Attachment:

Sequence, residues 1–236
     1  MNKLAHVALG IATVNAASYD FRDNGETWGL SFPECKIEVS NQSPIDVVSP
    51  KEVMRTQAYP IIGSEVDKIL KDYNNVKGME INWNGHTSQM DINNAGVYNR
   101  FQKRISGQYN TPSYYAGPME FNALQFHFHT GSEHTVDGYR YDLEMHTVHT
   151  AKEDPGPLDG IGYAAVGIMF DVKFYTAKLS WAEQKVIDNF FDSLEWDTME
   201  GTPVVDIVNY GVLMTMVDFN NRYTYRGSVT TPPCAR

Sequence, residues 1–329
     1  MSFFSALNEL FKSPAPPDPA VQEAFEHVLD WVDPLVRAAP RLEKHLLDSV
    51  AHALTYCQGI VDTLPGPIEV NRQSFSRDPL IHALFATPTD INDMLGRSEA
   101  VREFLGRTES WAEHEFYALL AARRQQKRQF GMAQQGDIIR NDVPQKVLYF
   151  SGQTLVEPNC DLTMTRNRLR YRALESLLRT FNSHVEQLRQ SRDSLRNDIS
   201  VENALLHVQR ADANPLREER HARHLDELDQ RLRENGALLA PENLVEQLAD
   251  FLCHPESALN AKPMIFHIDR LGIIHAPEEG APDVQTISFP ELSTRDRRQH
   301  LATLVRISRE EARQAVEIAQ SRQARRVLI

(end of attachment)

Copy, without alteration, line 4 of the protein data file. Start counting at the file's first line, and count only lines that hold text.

   101  FQKRISGQYN TPSYYAGPME FNALQFHFHT GSEHTVDGYR YDLEMHTVHT